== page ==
Is Ryanair right to eschew social media?
PR Week in the UK is running this story about the decision of Robin Kiely, Ryanair’s new head of comms to to dismiss the value of social media engagement. Is he right to do this? Absolutely, in my opinion. Ryanair is an organisation that has been hugely successful despite a studious disregard for customer service. I am fond of contrasting the corporate stories of Ryanair and easyJet. The story of the later is “you only pay for what you want” and the story of the former is “you only get what you pay for”. In this respect, Ryanair is being absolutely true to it corporate story.
Kiely is quoted in the article thus:
‘A Facebook account would not be helpful to us, as we would have so many people looking for a response.’
He called the social network a ‘two-way tool’ and said maintaining a dedicated account would probably mean ‘hiring two more people just to sit on Facebook all day’.
‘If customers want to get in touch, the methods are there,’ he added, referring to the brand’s customer care line.
Spot on. A dedicated Facebook account would mean hiring two people just to sit on Facebook all day. For most organisations this would be a productive use of two people’s time because: a) it would demonstrate that the organisation takes its customers seriously and, b) it would provide the organsiation with valuable intelligence about what its customers want. But Ryanair is not ‘most organisations’. It is the exception which proves the rule when it comes to customer service.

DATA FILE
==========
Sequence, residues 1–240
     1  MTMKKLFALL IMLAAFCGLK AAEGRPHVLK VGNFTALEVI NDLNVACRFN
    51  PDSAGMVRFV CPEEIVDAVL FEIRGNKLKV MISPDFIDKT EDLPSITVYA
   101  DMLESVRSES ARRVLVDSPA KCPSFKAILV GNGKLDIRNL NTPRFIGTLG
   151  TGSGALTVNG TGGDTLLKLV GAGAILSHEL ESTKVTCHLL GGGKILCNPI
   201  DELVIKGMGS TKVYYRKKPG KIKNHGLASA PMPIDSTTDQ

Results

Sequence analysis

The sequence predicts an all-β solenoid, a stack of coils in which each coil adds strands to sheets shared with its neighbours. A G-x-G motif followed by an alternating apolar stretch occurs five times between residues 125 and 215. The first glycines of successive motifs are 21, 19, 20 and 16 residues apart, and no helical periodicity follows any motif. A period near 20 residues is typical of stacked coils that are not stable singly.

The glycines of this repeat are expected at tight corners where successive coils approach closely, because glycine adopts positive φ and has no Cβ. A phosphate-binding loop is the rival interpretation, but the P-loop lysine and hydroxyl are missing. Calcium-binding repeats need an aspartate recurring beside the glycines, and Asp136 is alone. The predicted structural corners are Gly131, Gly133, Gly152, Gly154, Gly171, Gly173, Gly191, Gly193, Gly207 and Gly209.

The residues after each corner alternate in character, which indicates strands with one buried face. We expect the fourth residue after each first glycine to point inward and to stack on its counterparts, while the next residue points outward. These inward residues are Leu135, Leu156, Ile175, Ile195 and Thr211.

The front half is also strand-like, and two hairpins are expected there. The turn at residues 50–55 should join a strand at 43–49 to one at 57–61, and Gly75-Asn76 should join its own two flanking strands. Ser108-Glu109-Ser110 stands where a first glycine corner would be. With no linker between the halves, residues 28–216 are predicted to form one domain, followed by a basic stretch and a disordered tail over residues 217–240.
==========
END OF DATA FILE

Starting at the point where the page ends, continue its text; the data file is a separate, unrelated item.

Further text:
In many ways this approach to social media is less insulting, and less ineffective, than the approach of many organisations who simply outsource the management of their Facebook presence to an agency, At least Kiely recognises that you need to put dedicated people onto managing Facebook, and better to promote the customer care line upfront, rather than respond to Facebook enquiries with a standard “Thanks for you question, please call our customer care line on this number” response.
Co-incidentally, Rynair was discussed in the SMTLive webinar on ‘Marketing and Customer Service’ organised by Social Media Today on Tuesday – i.e. before Kiely’s statement. You can download the audio here. It was a good session (as have been all the recent SMT webinars in recent weeks – I recommend you sign-up). I think it was either Frank Eliason (he of former @ComcastCares fame) or Carol Borghesi who made the point that effective customer service is all about being “true to who you are.” And that, or course, is exactly is what Ryanair is doing.
(But I would still always prefer to fly easyJet – provided, of course, that they can get me where I want to go, when I want to go there, from an airport I want to fly from, at a competitive price. And therein lies the rub.)